Creative commentary plus crafty composition

Yesterday during the TV coverage of the women’s tennis final at Wimbleton (England), in the early stages of the broadcast, viewers were exposed to a very unfortunate comment from a well-known, outspoken ‘analyst’, John McEnroe.

Mr. McEnroe is well known to anyone who’s followed tennis in the last two decades.  A successful left-handed professional player, including in major tournaments, he has made the transition to the broadcast booth.  Regrettably, his often seen and heard mini-rants as a player retain traces of belligerence as on-air commentator.

He’s been known to push his foot toward his mouth in previous broadcasts, but yesterday he pushed it all in, clearly stepping over the line.  As the match was beginning, in reference to Eugenie Bouchard as a pusher of levels reached by a Canadian player, he felt it pithy to declare that her appearance as a Canadian was the first in about one thousand years.  Briefly after this, perhaps due to surreptitiously expressed reaction from others in the broadcast, he amended this to a still large, but much less outrageous, number of one hundred.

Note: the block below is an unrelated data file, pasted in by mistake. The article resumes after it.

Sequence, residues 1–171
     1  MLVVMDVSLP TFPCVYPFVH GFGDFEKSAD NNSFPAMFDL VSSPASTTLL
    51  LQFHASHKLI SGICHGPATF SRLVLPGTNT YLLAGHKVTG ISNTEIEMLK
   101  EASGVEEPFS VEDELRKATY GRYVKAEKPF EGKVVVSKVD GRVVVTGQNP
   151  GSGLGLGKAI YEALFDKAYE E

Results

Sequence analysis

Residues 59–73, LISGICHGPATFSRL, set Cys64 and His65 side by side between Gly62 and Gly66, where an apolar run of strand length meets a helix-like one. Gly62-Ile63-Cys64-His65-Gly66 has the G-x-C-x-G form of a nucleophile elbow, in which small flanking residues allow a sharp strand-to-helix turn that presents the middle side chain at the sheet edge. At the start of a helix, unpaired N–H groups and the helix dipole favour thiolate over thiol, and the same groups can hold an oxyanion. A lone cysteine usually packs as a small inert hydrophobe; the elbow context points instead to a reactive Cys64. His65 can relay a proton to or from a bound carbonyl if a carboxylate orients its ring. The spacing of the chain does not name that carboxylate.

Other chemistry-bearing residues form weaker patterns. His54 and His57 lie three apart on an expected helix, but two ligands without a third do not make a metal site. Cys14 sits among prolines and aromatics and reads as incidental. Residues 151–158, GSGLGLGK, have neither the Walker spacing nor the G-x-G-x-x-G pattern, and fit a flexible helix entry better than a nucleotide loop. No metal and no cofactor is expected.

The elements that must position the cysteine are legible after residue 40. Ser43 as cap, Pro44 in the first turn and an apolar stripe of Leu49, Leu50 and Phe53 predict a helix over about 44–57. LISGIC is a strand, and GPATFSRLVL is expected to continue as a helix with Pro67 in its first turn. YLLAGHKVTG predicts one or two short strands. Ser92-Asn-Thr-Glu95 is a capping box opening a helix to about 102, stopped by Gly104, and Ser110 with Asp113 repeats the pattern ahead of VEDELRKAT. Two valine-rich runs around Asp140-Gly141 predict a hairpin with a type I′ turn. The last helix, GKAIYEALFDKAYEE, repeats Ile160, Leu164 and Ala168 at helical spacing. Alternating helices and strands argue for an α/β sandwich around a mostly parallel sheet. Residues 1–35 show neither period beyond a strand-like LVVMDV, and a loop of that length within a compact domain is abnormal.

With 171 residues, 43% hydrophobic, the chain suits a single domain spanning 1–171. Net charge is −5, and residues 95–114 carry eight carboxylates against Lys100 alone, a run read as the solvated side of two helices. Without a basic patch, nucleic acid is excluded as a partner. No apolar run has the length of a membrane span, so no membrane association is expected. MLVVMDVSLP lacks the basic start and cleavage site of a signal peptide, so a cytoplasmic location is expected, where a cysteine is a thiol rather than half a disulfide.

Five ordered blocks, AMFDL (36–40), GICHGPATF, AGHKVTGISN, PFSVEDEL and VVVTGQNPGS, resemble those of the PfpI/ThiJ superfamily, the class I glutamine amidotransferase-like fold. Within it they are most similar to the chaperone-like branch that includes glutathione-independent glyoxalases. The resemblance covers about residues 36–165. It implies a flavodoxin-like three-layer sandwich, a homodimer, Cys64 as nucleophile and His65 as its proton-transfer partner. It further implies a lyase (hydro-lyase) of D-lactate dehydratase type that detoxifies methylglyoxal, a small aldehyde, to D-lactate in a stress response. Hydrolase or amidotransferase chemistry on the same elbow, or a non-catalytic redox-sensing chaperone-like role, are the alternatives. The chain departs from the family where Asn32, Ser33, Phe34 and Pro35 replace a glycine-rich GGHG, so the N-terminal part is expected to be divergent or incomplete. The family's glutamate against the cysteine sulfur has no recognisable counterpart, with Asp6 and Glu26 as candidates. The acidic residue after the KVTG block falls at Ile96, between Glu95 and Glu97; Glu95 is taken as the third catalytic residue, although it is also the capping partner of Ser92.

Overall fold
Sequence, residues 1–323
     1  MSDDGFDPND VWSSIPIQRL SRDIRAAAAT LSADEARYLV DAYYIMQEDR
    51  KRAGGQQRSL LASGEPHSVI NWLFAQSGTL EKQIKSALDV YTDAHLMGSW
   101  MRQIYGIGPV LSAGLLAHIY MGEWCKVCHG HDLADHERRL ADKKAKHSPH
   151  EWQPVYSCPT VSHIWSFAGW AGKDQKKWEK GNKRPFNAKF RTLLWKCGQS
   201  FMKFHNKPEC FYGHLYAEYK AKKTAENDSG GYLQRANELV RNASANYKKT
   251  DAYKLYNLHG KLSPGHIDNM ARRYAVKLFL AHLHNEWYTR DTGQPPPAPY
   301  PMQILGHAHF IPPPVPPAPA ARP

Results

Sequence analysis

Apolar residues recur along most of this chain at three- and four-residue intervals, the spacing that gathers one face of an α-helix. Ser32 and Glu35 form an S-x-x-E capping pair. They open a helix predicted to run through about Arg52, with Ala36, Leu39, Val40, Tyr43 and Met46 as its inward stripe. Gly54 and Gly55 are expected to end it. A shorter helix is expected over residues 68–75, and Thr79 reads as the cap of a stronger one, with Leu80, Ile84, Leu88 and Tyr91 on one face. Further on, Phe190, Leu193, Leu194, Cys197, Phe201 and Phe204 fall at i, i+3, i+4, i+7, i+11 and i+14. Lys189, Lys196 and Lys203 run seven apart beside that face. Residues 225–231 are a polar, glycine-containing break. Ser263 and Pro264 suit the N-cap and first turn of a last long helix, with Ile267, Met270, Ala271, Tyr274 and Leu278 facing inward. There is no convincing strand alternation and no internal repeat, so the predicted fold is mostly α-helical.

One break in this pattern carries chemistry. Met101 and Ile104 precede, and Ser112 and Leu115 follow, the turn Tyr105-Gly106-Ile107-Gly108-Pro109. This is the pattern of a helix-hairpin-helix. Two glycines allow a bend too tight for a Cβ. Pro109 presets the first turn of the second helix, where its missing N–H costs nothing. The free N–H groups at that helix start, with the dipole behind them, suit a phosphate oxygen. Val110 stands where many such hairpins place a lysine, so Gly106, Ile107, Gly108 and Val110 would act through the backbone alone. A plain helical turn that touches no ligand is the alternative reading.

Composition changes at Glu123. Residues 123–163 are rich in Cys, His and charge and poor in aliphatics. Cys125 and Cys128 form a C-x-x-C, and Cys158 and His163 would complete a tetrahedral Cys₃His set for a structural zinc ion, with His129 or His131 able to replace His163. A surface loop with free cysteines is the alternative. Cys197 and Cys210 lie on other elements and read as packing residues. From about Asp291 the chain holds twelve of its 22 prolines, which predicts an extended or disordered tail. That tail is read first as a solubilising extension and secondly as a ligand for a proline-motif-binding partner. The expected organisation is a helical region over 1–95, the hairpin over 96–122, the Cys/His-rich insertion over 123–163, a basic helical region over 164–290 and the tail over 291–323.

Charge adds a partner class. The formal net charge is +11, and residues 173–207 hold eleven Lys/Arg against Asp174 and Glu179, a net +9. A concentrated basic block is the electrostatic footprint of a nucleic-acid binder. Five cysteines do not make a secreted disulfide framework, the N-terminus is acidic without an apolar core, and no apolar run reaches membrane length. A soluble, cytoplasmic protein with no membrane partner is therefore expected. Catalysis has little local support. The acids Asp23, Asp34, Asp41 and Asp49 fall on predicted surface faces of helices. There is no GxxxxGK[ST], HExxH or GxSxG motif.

This sort of careless and caustic use of language by a sports commentator for such a large, prestigious, and multinational event should not be acceptable. It reflects poorly on the speaker and dims the glow of the broadcast.

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